‘Won’t move no-trust motion but…’: Sena rebel faction responds to Uddhav appeal
MUMBAI: After chief minister and Shiv Sena chief Uddhav Thackeray renewed his appeal to Sena’s rebel legislators camping in Guwahati to return to Mumbai, leaders of the Eknath Shinde-led group demanded that Thackeray and the Shiv Sena first quit the Maharashtra Vikas Aghadi (MVA) government before the two sides can look at any possibility of rapprochement.
The rebel group, which has been exploring the possibility of returning to Mumbai this week, said they will not formally withdraw their support to the MVA government or move a no-confidence motion but will not support Thackeray if the opposition Bharatiya Janata Party (BJP) does so.
“He (Thackeray) has made such appeals even earlier and issued a video statement. But how can he ask us to return when they (Shiv Sena) have not left the MVA?. There is no logic in this,” Deepak Kesarkar, former minister and the group’s informal spokesperson, told HT from Guwahati.
The outreach by the Shiv Sena president had come late in the day when “time was running out”, Kesarkar said, a reference to Uddhav Thackeray’s insistence that it was not “too late” and they should return to Mumbai and “sit with me and remove the confusion among Shiv Sainiks and the public.
“This is a psychological game. They want to show that we have expressed a lack of confidence in our own leader and inflame sentiments in Maharashtra. In any case, a vote of no confidence will have to be tabled and it does not matter who is doing it. We are not asking Uddhav saheb to quit as we are his partymen,” claimed Kesarkar.
Kesarkar, however, indicated that if the BJP moved a no-trust motion against the Thackeray government, they would support the opposition.
“We will have to vote against the MVA government,” he said.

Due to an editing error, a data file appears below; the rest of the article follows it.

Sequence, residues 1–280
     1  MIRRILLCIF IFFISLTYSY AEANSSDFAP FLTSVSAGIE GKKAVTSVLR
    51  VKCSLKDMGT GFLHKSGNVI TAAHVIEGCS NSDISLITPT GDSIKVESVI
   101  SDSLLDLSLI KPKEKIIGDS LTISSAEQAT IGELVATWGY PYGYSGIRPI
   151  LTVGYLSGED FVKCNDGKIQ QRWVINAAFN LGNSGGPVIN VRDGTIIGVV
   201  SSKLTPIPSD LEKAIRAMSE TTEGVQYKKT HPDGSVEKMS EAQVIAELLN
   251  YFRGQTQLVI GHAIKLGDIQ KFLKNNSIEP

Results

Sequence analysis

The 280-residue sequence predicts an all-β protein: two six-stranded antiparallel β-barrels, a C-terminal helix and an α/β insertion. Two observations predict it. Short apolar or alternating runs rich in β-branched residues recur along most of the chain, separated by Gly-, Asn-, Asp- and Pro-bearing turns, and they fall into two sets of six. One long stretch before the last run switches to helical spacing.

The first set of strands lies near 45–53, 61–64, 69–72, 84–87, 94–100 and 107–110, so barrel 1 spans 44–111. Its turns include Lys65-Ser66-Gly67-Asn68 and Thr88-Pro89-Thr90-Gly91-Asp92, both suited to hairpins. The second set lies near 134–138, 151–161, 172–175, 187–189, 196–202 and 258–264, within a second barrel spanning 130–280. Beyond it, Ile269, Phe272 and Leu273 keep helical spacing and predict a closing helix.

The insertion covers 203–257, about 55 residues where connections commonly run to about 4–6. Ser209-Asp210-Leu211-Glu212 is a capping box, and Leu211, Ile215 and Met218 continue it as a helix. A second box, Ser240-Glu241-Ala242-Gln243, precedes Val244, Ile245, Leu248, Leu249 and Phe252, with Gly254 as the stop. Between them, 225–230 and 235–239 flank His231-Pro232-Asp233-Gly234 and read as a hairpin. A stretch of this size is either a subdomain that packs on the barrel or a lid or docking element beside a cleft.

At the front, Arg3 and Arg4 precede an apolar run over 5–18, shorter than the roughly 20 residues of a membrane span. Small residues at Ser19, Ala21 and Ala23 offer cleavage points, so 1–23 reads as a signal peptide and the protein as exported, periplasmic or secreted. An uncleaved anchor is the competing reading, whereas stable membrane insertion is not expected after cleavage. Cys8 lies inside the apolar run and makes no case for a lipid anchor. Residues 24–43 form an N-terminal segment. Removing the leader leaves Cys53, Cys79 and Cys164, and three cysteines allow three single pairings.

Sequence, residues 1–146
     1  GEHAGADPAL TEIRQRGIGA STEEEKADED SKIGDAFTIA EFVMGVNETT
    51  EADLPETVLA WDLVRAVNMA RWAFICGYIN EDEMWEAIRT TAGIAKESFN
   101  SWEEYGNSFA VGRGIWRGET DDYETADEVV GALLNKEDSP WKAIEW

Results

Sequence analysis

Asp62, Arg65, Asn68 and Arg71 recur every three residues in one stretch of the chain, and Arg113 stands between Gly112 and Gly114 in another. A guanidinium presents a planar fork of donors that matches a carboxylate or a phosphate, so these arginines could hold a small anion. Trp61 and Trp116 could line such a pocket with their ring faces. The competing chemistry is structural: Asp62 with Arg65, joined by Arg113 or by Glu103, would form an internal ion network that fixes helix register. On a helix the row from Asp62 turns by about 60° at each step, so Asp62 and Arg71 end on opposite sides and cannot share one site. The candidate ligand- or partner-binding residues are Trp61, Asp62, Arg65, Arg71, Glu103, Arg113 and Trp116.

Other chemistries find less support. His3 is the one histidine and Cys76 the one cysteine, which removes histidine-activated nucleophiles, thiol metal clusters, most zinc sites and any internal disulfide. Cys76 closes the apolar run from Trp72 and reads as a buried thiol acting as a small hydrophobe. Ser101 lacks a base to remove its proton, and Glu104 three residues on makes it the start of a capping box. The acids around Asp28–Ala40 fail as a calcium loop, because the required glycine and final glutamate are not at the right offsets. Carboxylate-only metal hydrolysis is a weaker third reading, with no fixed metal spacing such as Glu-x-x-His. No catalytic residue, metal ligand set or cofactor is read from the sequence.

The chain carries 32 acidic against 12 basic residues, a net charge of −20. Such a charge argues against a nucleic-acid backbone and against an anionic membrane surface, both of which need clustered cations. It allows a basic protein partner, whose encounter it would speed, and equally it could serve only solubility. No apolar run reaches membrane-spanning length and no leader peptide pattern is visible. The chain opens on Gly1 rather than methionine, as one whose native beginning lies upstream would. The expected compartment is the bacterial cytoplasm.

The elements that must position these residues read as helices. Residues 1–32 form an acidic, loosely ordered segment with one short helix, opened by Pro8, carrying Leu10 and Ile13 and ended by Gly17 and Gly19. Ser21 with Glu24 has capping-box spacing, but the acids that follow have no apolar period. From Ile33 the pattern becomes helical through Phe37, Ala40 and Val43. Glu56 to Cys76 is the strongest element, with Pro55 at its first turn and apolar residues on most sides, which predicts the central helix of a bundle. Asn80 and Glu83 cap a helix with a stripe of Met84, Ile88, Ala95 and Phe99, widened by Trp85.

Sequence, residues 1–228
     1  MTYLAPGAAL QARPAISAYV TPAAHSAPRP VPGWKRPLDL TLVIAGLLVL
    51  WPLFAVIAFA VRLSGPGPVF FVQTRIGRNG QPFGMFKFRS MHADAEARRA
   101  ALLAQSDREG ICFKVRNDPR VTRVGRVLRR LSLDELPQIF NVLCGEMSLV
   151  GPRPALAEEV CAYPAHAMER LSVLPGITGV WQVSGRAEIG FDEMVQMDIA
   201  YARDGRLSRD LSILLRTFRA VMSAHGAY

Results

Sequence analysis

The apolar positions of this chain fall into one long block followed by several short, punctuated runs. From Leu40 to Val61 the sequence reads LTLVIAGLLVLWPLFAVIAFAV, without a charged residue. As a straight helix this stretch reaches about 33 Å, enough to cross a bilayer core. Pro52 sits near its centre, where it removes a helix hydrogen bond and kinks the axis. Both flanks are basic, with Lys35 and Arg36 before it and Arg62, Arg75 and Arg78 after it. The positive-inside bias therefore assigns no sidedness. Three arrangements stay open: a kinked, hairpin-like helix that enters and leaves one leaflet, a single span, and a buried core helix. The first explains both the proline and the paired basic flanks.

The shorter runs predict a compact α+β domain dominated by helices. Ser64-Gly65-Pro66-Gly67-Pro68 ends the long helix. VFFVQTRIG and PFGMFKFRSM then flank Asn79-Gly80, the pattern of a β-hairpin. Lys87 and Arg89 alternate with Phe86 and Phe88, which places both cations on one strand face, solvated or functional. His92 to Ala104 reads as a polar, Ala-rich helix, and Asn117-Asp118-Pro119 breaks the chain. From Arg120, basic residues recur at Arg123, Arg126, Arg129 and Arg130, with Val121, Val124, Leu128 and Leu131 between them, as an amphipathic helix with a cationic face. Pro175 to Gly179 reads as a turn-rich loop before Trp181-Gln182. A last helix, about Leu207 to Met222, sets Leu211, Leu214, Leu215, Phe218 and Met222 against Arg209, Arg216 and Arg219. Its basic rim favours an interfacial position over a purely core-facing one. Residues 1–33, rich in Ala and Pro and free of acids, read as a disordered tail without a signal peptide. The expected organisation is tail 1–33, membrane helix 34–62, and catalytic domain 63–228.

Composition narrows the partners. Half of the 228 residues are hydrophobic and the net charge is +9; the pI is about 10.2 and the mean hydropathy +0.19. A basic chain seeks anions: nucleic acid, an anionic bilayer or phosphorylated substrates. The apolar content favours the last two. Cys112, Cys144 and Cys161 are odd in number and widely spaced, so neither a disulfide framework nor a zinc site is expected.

The final decision on the rebel faction’s strategy will be decided by Shinde, added Kesarkar, who represents Sawantwadi in Sindhudurg in the assembly.
The rebel camp is also unmoved by Uddhav Thackeray referring to himself as the “head of the (Shiv Sena) family” and asking the dissidents to return to start a dialogue to find a way out of the crisis. For this reconciliation to take place, it was essential for the Shiv Sena to quit the MVA, which also includes the Congress and the NCP.
Several rebel legislators said they decided to back Shinde over apprehension that back home in their constituencies, the Congress and the Sharad Pawar-led Nationalist Congress Party (NCP) were expanding their base. In most parts of the state, the Sena has traditionally been pitched against the NCP and Congress.
Sena leaders also complain that the NCP, which controls crucial portfolios such as home, finance, housing, water resources and rural development, seemed to get its way on issues such as allocation of funds for developmental works, transfers and postings. They also reiterated that the social and political support base of the Shiv Sena was often at odds with those of the two “secular” parties and claimed that the BJP, its fellow Hindutva co-traveller, was their “natural ally.”
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